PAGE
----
rainforests, both temperate and tropical, are dominated by trees often forming a closed canopy with little light reaching the ground. Epiphytes and climbing plants are also abundant. Precipitation is typically not limiting, but may be somewhat seasonal.

scrub forest

scrub forests develop in areas that experience dry seasons.

seasonal breeding

breeding is confined to a particular season


remains in the same area


reproduction that includes combining the genetic contribution of two individuals, a male and a female


associates with others of its species; forms social groups.


uses touch to communicate


Living on the ground.


defends an area within the home range, occupied by a single animals or group of animals of the same species and held through overt defense, display, or advertisement


the region of the earth that surrounds the equator, from 23.5 degrees north to 23.5 degrees south.

tropical savanna and grassland

A terrestrial biome. Savannas are grasslands with scattered individual trees that do not form a closed canopy. Extensive savannas are found in parts of subtropical and tropical Africa and South America, and in Australia.


A grassland with scattered trees or scattered clumps of trees, a type of community intermediate between grassland and forest. See also Tropical savanna and grassland biome.

temperate grassland

A terrestrial biome found in temperate latitudes (>23.5° N or S latitude). Vegetation is made up mostly of grasses, the height and species diversity of which depend largely on the amount of moisture available. Fire and grazing are important in the long-term maintenance of grasslands.


uses sight to communicate


reproduction in which fertilization and development take place within the female body and the developing embryo derives nourishment from the female.


2006. "Egyptian Fruit Bat" (On-line). Rosamond Gifford Zoo. Accessed April 20, 2010 at

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Baydemir, N., I. Albayrak. 2006. A Study on the Breeding Biology of Some Bat Species in Turkey (Mammalia: Chiroptera). Turkish Journal of Zoology, 30: 103-110.

Bernard, R., G. Cumming. 1997. African Bats: Evolution of Reproductive Patterns and Delays. The Quarterly Review of Biology, 72: 253-274.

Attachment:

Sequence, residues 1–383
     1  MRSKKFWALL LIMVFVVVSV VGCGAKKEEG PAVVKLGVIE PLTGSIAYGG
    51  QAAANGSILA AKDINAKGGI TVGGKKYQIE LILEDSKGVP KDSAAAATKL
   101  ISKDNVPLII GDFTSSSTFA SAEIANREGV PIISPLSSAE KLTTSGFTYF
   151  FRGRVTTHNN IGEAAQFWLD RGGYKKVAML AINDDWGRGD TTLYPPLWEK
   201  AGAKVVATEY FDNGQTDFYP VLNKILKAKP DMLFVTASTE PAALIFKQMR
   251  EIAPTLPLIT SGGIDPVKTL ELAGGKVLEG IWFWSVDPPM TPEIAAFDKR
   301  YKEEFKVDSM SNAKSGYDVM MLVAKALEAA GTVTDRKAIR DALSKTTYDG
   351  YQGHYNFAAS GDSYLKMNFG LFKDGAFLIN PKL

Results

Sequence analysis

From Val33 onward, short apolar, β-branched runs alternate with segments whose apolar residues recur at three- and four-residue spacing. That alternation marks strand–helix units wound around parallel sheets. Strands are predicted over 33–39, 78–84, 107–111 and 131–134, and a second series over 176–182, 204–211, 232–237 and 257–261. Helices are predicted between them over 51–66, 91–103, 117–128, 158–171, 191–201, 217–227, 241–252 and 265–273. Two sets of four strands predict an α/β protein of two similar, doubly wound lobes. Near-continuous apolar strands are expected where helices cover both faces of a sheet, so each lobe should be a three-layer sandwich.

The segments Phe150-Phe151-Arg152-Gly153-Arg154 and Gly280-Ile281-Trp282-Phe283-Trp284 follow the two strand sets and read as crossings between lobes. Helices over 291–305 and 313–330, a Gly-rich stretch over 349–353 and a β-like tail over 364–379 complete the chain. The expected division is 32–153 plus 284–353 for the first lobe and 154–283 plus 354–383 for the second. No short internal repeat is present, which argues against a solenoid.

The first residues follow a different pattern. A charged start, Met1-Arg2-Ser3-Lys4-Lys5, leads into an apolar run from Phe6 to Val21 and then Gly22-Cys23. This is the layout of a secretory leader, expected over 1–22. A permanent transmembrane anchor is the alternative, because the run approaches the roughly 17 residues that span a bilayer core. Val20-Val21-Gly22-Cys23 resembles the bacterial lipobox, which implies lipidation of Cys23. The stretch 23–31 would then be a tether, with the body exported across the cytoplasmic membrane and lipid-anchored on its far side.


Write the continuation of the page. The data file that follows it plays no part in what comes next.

Fujita, M., M. Tuttle. 1991. Flying Foxes (Chiroptera: Pteropodidae): Threatened Animals of Key Ecological and Economic Importance. Conservation Biology, 5: 455-463.

Grzimek, B. 2003. Grzimek's Animal Life Encyclopedia. Farming Hills, Michigan: Gale Virtual Library.

Holland, R., D. Waters. 2007. The Effect of Familiarity on Echolocation in the Megachiropteran Bat Rousettus aegyptiacus. Behavior, 144: 1053-1064.

Holland, R., D. Waters, J. Rayner. 2004. Echolocation Signal Structure in the Megachiropteran Bat Rousettus aegyptiacus Geoffrey 1810. The Journal of Experimental Biology, 207: 4361-4369.

Izhaki, I., C. Korine, Z. Arad. 1995. The Effect of Bat (Rousettus aegyptiacus) Dispersal on Seed Germination in Eastern Mediterranean Habitats. Oecologia, 101: 335-342.

Korine, C., Z. Arad, A. Arieli. 1996. Nitrogen and Energy Balance of the Fruit Bat Rousettus aegyptlacus on Natural Fruit Diets. Physiological Zoology, 69: 618-634.

Korine, C., I. Izhaki, D. Makin. 1994. Population Structure and Emergence Order in the Fruit-bat (Rousettus aeyyptiacus: Mammalia, Chiroptera). The Zoological Society of London, 232: 163-174.

Kwiecinski, G., T. Griffiths. 1999. Rousettus egyptiacus. Mammalian Species, 611: 1-9.

Nogales, M., J. Rodriguez-Luengo, P. Marrero. 2006. Ecological Effects and Distribution of Invasive Non-Native Mammals on the Canary Islands. Mammal Review, 36: 49-65.

Nowak, R. 1999. Walker's mammals of the world. Baltimore: John Hpkins University Press.

Okia, N. 1987. Reproductive Cycles of East African Bats. Journal of Mammalogy, 68: 138-141.

Roberts, L. 1975. Confirmation of the Echolocation Pulse Production Mechanism of Rousettus. Journal of Mammalogy, 56: 218-220.